“It is my second family”: Healthcare over the holidays, part 1
A series on what it’s like to work during the festive season. Our first installment: Celebrating with your colleagues.
What’s it like to work in an emergency room over Christmas and New Year’s? We asked the more than 500,000 healthcare professionals on Figure 1, our global case-sharing platform over the weekend of Dec. 5–6, 2015. Here are some of their best replies.
I work in a children’s emergency room. While I’d rather be home with my own family, the doctors and nurses I work with are like family and we always try to make the best of it! Christmas morning potluck, combining our breaks so we can each go home for an hour or so, sparkling cider and party hats on New Year’s Eve, etc. I find families are also extra appreciative of our work during the holidays.
Susan Janes, pediatric emergency room nurse, St. John’s, Newfoundland, Canada.
It is my second family. We live the same things and we know how it feels to work on these days. We organize a big buffet, where each person brings something to share. Doctors, nurses, no matter the title, we celebrate as one big family.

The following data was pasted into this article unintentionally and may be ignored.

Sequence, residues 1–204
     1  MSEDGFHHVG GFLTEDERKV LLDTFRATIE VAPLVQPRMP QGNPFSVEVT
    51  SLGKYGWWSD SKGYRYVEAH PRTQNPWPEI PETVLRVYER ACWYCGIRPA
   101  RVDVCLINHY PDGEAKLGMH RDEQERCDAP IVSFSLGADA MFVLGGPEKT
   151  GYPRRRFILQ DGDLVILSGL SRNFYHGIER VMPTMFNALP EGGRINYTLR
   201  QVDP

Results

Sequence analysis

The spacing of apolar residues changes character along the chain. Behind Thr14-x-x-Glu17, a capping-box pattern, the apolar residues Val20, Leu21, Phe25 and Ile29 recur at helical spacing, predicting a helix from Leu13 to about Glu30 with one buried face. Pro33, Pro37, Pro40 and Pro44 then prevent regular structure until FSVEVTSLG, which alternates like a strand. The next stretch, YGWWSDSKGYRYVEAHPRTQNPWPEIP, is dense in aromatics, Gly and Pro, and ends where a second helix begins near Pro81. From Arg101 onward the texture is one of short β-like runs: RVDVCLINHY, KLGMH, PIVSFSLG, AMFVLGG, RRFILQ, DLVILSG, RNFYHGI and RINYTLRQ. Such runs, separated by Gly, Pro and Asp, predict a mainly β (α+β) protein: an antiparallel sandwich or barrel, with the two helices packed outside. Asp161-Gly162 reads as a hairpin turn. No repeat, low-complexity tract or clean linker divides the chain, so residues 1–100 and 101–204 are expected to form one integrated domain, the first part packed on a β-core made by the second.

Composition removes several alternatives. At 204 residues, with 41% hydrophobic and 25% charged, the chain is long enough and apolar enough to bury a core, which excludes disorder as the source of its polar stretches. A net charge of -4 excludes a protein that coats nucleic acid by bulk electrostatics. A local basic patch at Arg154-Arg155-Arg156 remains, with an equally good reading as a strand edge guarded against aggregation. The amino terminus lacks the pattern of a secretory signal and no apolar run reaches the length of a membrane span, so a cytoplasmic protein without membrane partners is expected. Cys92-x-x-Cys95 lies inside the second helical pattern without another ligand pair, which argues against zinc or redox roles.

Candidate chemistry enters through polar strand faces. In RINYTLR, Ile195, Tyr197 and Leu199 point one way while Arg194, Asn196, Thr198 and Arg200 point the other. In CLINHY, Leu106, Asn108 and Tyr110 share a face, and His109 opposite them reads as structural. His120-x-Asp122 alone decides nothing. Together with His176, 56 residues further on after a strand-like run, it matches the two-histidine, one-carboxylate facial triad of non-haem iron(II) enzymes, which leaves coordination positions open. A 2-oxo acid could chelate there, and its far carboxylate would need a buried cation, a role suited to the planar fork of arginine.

Nurse, Quebec, Canada.
As a paramedic, working in healthcare on the holidays is good and bad. Usually someone cooks a big holiday dinner at the firehouse, and I get to eat with my second family. That being said, I don’t usually get to see my real family.
Heather Collette, paramedic, Pennsylvania.
Working on holidays is not as bad as people think. Yes, we miss our families, but to be honest, I spend more time at work with my fellow nurses and doctors some weeks than I spend at home. They are my family, too. And there is the perk that especially us nurses get: patients’ family members bringing us food, treats and goodies! This past July 4th I got the pleasure of being able to take five patients from my unit to a perfect lookout to watch the fireworks. We all stood together, told stories and they were genuinely appreciative.
Shannon Silber, nurse, Baltimore, MD.
Other installments in this series:
Missing your loved ones.
The holiday rush.
Care when it matters most.